May,2020, by Josué Rodríguez Díaz/ José Eulalio Contreras de Leon/ Elisa Zambrano
Just as blood tests are used to detect health problems, Dissolved Gas Analysis can be very useful for the early detection of possible transformer failures.
The degradation of the insulation materials used in transformers causes combustible gases to be released inside the unit. Therefore, before a device shows signs of a problem with its operation, the levels of dissolved gases in the oil can help the user detect potential failures promptly. To perform the Dissolved Gas Analysis (DGA), it is necessary to extract an oil sample during routine maintenance, following standard procedures to prevent altering results.
Once this is done, gases are extracted from the oil sample, and a gas chromatography is performed. With this, the volume of each gas is detected in parts per million (ppm).
By doing this, we will be able to understand what is happening inside the equipment without the need of de-energizing and opening the transformer, since the distribution of gases found in the oil is an indicative of the type of electrical failures that may occur.
The 9 main gases that were found are: • Atmospheric Gases: Nitrogen and Oxygen • Carbon Oxides: Monoxide and Carbon Dioxide • Hydrocarbons: Acetylene, Ethylene, Methane, Ethane • Other: Hydrogen
The concentration of each gas is related to the temperature reached, as well as the volume of the oil at said temperature; therefore, we can say that, the level of gas concentration is closely related to the severity of the failure.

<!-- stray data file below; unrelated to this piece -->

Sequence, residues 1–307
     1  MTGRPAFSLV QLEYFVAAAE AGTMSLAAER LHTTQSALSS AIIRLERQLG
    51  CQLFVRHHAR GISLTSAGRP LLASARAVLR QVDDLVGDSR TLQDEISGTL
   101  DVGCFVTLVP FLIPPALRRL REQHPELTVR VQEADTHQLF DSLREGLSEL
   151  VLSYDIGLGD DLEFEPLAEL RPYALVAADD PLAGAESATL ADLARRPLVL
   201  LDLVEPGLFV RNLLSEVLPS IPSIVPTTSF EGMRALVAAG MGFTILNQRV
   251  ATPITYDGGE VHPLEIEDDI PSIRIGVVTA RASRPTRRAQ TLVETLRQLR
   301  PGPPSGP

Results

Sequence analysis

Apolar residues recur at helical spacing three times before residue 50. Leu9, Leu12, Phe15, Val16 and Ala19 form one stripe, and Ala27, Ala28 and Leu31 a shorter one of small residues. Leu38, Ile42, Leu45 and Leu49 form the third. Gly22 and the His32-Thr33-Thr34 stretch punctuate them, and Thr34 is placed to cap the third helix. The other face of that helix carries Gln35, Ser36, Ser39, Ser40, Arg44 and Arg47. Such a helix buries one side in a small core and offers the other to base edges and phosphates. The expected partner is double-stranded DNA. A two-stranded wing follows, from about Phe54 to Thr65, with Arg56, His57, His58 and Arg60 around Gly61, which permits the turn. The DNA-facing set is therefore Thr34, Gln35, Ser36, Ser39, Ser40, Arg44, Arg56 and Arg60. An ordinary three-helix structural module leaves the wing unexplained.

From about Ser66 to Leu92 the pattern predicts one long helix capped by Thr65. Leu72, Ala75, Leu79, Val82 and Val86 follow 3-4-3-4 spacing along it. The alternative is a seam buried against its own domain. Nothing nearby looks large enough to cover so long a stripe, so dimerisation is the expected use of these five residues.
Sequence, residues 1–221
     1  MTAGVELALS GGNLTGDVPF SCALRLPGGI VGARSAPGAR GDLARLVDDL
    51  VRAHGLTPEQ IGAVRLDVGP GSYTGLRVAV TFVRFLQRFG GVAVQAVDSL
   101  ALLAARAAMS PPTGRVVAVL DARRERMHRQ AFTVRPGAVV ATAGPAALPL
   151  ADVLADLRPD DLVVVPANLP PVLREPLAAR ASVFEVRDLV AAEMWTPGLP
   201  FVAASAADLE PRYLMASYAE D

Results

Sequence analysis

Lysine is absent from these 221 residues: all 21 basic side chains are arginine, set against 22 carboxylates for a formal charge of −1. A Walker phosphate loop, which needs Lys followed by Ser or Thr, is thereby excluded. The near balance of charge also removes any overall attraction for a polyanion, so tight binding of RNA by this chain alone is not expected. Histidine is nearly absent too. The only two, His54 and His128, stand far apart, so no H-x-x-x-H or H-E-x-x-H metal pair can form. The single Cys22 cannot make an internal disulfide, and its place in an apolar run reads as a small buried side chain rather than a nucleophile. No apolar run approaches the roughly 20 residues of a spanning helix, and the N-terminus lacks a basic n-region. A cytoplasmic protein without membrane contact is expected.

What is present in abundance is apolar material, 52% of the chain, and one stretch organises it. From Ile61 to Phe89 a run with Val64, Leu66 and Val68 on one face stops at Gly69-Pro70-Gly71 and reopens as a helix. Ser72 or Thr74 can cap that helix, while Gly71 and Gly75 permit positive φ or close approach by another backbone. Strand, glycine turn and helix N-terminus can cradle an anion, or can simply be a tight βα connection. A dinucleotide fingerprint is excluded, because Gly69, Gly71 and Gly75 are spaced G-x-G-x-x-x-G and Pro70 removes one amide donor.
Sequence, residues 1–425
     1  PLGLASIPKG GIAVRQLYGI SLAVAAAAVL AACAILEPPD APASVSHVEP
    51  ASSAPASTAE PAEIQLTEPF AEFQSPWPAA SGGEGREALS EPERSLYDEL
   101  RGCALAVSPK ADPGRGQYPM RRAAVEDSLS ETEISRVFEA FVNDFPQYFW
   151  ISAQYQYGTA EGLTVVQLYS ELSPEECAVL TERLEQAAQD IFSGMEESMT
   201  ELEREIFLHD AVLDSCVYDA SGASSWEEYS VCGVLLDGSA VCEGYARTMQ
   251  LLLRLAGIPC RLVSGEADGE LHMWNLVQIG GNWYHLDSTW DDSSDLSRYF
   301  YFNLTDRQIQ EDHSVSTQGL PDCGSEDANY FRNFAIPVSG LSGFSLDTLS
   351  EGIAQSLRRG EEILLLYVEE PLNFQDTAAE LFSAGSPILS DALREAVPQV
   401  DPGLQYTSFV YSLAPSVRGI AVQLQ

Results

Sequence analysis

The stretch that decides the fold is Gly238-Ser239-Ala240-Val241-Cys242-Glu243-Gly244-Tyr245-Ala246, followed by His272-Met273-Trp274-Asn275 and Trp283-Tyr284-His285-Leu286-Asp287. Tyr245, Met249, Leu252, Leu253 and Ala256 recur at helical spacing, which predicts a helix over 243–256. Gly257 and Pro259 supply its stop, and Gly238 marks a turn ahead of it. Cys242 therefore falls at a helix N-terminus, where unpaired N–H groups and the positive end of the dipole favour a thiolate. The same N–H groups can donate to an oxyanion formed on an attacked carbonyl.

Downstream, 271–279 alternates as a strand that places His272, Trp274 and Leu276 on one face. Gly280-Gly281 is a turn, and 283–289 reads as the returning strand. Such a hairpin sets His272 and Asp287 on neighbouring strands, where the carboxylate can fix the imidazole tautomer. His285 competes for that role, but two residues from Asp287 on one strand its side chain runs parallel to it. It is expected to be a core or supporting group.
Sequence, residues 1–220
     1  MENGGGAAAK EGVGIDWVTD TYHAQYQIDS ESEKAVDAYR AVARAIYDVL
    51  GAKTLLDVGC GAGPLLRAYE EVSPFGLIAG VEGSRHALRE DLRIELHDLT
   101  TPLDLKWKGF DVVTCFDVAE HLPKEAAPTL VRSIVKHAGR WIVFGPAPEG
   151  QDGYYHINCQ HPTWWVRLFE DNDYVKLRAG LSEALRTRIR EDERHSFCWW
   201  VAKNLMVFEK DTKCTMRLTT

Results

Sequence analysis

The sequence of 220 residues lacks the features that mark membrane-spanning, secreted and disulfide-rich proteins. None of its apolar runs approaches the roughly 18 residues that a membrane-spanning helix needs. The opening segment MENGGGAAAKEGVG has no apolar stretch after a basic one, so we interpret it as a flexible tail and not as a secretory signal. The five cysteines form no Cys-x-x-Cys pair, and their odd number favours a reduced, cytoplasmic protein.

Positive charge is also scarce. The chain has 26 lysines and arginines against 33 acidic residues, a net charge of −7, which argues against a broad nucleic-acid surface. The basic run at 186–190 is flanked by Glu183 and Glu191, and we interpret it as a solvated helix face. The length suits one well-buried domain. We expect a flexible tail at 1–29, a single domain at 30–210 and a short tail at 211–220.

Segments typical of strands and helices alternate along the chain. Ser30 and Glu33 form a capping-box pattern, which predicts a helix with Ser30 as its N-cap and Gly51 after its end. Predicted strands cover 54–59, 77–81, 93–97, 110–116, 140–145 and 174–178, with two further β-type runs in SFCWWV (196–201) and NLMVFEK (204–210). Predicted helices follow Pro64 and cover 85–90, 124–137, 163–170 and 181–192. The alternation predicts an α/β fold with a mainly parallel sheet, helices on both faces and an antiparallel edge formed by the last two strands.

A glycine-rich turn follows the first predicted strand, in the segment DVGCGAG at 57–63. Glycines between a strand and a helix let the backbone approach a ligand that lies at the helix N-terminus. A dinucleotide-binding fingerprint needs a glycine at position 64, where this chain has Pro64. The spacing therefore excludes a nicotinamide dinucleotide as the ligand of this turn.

The following failures can be detected in transformers using mineral oil: • Cellulose insulation degraded by overheating generates high levels of carbon dioxide and carbon monoxide. • Oil overheating results in the production of hydrocarbon gases. • Partial discharges can be detected when high levels of hydrogen are present. • Arcing between energized parts can be detected with the presence of acetylene. • Issues with the airtight sealing of the tank can be evidenced by the presence of nitrogen and oxygen.
Dielectric fluids for transformers are compounds formed by chemical groups with carboncarbon and/or carbon-hydrogen bonds where the rupture of some of these bonds is the first available indicator of probable equipment malfunction that could lead to a failure if they are not detected and corrected promptly. Mineral oils are, unquestionably, the most used fluids in the electrical industry, because of their cost, availability, and properties. However, unlike these oils, natural and synthetic esters have been used as an environmentally friendly solution alternative, considering that although their chemical structure contains carbon, hydrogen, and oxygen, their diverse molecular arrangement allows the presence of different characteristics while delivering a similar performance, therefore, the generation of gases is also affected.